So a third edict in November said that the church leaders must sacrifice to the gods and would then be released. Any who refused would be executed. A programme of fierce interrogation and torture followed, in an attempt to persuade Christian leaders to give in.

Then in the spring of 304, a day of general sacrifice to the gods was proclaimed. Every citizen must take part, or else they would face either death or forced labour in the copper mines (which usually resulted in death before long). This last edict was actually passed by Diocletian’s deputy because the emperor himself was ill.

Heroism

One effect of the persecutions was to sort out true believers from nominal Christians. Some church members did sacrifice to save their skins, but among true believers there was some inspiring heroism. Let me tell you about just one, a lady called Potamiaena, who suffered during a local persecution in Alexandria, Egypt, in A.D. 202.

Potamiaena was a beautiful young woman with considerable intellectual ability. She was a slave, and her master was not a Christian. He kept pressurising her to sleep with him, but because of her Christian convictions she was determined to preserve her purity.

Consequently, she endured many hardships at work. Eventually, fed up with her constant refusals, her master took Potamiaena to court simply on the grounds that she was a Christian. He bribed the judge to break her resolution by torture, which he tried to do, but she stood firm.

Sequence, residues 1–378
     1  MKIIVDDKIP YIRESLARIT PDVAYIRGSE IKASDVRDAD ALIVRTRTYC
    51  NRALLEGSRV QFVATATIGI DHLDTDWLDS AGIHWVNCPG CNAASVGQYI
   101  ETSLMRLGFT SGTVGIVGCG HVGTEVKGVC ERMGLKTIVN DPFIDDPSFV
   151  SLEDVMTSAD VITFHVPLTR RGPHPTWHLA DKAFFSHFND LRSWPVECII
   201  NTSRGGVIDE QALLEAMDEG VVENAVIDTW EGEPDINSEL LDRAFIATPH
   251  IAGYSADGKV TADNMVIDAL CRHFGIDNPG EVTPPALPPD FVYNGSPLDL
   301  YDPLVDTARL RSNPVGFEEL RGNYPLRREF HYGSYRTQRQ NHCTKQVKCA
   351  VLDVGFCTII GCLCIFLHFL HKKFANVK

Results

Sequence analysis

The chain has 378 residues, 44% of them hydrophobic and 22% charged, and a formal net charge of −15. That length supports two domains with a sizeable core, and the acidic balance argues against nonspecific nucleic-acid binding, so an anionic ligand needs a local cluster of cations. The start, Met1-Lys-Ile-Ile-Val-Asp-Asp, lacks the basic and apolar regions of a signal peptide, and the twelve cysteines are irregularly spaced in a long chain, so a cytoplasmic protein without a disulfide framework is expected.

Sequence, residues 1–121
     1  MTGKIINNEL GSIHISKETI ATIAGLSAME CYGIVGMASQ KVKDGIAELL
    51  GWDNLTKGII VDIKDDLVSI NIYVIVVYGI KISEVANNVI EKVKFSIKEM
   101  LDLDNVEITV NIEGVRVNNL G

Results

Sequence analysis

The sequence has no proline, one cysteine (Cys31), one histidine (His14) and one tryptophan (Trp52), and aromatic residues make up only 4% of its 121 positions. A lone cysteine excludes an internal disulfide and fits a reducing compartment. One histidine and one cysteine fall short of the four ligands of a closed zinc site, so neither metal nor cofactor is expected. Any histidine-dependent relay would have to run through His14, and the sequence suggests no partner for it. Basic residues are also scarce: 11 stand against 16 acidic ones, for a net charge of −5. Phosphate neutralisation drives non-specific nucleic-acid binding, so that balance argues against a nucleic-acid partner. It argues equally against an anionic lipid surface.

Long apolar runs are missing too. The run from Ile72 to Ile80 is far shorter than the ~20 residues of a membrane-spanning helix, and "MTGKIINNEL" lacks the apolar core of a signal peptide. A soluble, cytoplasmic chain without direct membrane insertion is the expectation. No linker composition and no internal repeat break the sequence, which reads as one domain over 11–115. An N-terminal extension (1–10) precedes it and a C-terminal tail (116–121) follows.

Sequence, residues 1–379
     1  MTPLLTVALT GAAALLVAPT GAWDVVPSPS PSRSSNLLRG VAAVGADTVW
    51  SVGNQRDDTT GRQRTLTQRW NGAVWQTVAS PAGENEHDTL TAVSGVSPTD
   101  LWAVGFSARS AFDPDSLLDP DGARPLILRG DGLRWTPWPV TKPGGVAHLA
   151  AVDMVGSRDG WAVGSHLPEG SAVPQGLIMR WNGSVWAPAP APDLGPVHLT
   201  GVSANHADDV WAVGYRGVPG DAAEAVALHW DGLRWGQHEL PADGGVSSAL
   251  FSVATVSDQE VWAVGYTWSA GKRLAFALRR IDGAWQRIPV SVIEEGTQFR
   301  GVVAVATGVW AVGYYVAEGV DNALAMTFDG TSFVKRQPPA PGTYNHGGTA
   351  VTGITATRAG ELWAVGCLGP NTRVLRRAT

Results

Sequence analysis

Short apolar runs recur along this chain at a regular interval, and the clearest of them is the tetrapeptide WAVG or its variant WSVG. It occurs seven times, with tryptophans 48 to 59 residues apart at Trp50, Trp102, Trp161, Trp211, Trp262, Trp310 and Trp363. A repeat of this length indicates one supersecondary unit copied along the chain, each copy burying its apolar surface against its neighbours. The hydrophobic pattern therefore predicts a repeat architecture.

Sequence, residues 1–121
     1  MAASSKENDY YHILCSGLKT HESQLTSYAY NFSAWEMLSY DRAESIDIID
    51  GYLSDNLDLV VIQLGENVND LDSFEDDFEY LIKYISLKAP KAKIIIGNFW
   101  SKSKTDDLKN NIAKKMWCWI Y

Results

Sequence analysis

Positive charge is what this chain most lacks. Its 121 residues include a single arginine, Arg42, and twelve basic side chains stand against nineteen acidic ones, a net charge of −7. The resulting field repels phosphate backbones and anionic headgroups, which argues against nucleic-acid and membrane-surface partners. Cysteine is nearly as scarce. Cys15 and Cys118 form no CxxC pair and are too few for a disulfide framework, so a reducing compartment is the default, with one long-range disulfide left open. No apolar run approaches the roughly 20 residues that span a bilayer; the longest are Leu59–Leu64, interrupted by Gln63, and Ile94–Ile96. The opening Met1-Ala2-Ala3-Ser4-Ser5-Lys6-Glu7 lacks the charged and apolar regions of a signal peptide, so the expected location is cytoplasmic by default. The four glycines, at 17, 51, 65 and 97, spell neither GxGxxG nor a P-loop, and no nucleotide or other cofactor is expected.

The judge then gave her some time to reconsider her position. When she came to court again he asked what her decision was. Her reply was regarded as ‘impious’ (that is, insulting to the Roman gods) and she was sentenced to death by fire. She was handed over to an army officer named Basilides to carry out the sentence.

As Basilides led Potamiaena to her death the pagan crowd hurled abuse at her. However, Basilides felt some sympathy for her and drove her insulters away. In response, she promised to pray for him, which no doubt she did as she died. Her death must have been painful; little by little burning tar was poured over various parts of her body until her life departed.

Baptised

There is a sequel to this heroic story. Some time later Basilides was asked by his fellow-soldiers to swear an oath invoking the name of a pagan god. Basilides refused, on the grounds that he was a Christian.

This was news to his colleagues, and to begin with they thought he was joking. But when he carried on claiming to be a Christian they took him to court, to test whether he was real. There he continued to acknowledge his faith in Christ, so he was put in prison. Some local Christians heard about this and came to visit him.

They asked about this sudden change. He told them that for three nights after Potamiaena’s martyrdom he had dreamt that she was standing beside him placing a crown on his head and exhorting him. He realised that her prayers for him had been answered, and he sought God for mercy. He was baptised there in prison, and shortly afterwards was beheaded.